CREATIVITY 4.0. EMPOWERING CREATIVITY IN THE DIGITAL ERA.
Editor: Bohemia, Erik; Kovacevic, Ahmed; Buck, Lyndon; Brisco, Ross; Evans, Dorothy; Grierson, Hilary; Ion, William; Whitfield, Robert Ian
Author: Bruno, Carmen; Canina, Marita
Institution: Politecnico di Milano, Italy
Section: Creativity 2
DOI number: https://doi.org/10.35199/epde2019.25
Creativity - the ability to produce novel and useful ideas (Amabile, 1988) – has become a democratic necessity and the most important human skill to face the uncertainties brought by the digital era we are going through.
This era and its digital technologies (i.e., IoT, AI, AR, etc…) are reshaping the social, behavioral and cognitive development of digitally enhanced individuals (Pransky, 2001) who are growing up with digital habits (TV, cell phones, video games, etc.). Researches have shown empirical evidence about how the Internet environment and the advent of new digital technology have altered the cognitive behaviors and structures involved in information processing, executive control, and reward-processing. This means a gravitation toward a shallow mode of learning characterized by a quick scanning of information and reduced contemplation; increased multitasking behaviors that are linked to increased distractibility; higher prevalence of Internet-related addictive behaviors (Kee Loh and Kanai, 2015).
The co-evolution of society and digital technologies require this generation to develop new competencies and skills among which human creativity is the most important one. The central question arising from these considerations is about how the technological evolution is influencing the creative thinking abilities of the digitally enhanced generation?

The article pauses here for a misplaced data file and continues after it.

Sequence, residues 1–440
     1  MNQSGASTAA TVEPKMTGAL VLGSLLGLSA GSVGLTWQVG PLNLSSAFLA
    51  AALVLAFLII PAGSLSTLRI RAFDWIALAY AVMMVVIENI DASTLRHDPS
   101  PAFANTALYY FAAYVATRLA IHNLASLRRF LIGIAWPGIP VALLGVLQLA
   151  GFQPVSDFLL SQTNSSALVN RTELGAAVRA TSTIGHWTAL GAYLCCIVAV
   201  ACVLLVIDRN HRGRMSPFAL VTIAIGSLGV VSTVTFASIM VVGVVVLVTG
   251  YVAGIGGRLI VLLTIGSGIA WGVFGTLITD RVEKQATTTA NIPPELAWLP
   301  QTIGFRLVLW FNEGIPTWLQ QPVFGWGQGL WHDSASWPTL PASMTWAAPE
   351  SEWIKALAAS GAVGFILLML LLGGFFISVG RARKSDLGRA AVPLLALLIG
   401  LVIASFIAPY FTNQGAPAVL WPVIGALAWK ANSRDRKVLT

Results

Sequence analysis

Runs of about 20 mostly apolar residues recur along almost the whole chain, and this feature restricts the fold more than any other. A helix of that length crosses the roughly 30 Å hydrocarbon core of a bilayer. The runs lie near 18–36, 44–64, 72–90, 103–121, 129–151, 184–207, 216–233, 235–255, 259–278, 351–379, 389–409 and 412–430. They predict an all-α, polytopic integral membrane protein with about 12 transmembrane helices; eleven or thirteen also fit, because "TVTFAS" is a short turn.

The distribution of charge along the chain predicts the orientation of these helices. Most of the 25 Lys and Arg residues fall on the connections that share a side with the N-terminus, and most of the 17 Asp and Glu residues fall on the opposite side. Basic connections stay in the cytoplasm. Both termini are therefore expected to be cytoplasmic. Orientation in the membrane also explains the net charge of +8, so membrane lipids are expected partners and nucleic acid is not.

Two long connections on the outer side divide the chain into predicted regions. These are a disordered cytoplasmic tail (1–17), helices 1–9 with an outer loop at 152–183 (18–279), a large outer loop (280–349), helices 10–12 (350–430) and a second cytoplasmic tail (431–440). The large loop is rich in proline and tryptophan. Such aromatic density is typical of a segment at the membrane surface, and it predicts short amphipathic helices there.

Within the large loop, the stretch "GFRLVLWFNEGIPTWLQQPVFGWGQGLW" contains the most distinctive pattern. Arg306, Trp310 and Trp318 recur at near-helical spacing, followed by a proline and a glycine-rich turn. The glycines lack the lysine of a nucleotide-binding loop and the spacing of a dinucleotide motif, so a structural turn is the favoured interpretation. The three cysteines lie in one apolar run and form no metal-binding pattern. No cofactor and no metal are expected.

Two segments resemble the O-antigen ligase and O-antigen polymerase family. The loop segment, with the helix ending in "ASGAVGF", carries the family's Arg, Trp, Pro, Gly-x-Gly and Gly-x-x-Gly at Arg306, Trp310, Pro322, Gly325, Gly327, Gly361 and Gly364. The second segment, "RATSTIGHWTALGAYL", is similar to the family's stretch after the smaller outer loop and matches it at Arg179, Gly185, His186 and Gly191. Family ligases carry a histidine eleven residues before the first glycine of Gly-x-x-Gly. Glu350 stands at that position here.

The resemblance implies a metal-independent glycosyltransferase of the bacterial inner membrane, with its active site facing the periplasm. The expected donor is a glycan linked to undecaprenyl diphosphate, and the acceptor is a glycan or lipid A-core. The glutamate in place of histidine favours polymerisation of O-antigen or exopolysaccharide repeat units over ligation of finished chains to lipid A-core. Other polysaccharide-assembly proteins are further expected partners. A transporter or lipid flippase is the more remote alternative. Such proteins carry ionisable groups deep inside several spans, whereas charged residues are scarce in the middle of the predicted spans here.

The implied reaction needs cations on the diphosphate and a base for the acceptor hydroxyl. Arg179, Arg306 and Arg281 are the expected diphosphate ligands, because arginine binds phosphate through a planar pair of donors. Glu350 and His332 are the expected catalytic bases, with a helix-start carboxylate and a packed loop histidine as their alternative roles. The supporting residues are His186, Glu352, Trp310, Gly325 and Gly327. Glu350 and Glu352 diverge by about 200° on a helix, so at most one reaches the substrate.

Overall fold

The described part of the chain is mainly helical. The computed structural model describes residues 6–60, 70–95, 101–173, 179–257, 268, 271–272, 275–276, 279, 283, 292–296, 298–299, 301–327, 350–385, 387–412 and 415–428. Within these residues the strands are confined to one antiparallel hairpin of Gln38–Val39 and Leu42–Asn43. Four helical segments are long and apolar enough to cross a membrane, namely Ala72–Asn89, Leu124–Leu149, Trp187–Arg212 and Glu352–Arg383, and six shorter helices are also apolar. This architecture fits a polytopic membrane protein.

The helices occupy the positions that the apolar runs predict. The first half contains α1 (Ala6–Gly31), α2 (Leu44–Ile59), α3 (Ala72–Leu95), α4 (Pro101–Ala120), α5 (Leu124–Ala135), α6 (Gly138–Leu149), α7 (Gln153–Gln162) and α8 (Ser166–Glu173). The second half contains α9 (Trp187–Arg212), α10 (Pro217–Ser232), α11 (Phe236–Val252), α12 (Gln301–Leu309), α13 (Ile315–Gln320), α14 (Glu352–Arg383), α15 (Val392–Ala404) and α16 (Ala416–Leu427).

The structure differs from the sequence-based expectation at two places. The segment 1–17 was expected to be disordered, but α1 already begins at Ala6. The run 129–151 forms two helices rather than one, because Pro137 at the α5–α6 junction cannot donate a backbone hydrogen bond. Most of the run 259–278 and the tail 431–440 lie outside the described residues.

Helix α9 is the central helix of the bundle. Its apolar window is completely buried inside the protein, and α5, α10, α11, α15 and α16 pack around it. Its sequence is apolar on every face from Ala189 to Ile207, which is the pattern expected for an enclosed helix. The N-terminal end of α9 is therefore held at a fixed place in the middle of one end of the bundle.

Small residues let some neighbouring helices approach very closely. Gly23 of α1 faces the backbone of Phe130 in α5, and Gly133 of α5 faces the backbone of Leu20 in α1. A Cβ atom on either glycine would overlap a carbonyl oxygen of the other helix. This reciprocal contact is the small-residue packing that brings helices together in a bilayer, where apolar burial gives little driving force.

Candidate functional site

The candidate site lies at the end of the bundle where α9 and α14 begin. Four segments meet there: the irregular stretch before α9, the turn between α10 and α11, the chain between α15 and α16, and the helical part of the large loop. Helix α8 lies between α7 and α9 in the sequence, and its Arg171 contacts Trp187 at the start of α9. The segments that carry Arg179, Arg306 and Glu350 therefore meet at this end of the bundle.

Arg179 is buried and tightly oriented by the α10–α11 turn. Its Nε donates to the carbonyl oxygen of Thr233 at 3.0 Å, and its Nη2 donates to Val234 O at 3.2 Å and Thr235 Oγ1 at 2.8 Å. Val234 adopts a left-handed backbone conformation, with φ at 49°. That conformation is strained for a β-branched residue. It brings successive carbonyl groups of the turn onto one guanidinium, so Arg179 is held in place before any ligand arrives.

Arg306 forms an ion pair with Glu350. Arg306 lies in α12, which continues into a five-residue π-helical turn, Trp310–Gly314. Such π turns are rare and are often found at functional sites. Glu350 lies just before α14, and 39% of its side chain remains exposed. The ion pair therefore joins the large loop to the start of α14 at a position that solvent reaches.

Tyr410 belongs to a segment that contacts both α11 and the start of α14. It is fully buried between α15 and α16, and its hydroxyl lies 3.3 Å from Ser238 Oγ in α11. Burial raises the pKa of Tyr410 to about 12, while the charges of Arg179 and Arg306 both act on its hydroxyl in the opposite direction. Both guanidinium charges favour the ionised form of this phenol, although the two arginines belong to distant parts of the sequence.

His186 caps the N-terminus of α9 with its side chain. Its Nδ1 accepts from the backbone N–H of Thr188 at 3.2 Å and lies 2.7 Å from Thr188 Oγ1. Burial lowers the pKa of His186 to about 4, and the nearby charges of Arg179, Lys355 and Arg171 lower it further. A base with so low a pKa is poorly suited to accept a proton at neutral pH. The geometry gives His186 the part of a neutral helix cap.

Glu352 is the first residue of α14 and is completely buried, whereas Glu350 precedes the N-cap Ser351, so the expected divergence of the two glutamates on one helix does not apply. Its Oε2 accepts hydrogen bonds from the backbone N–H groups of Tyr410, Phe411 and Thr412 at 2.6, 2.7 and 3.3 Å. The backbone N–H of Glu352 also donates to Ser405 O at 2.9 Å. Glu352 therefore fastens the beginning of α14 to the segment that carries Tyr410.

In this sense, a big debate in literature is open. Many authors, for example, report that the increasing synaptic activity in areas of the brain with digital exposure may contribute to expanding possibilities for creative activity. The hypothesis that arises from this context is that it could be necessary to develop new creativity stimuli for the digital generation according to the digital cultural changes and the cognitive swing occurred.
The aim of this paper is to present the Creativity 4.0 model framed to allow the identification of the positive and negative consequences of the digital transition on creativity. The model enables the integration and interpretation of creativity factors, blocks and conditions that can boost or lock creativity in the digital era. The framework will benefit several context and disciplines, and open opportunities for other researches: in the educational field, the framework could support educators that aim to train and provide digitally enhance people with tools and technique to keep active their creativity. In the design education, it shapes new design tools and actions to support designers at all stages of the design process. Within the design studies, the design research community could use it as the starting reference to study the evolution of the creative design process.
We are all moving toward digital enhancement (Prensky, 2009), technology is becoming our next nature (Van Mensvoort, 2011) and companies, schools and organization should be able to deal with a digital generation representing the actors of a near future. It is therefore essential for the design research to understand the impact of technologies on the creative design process in order to: update the conceptual toolbox, facilitate and guide the expression of people creative potential, address new technological challenges achieving large-scale innovation. Empowering people with creativity skill becomes for designers a fundamental aim and a new field of action.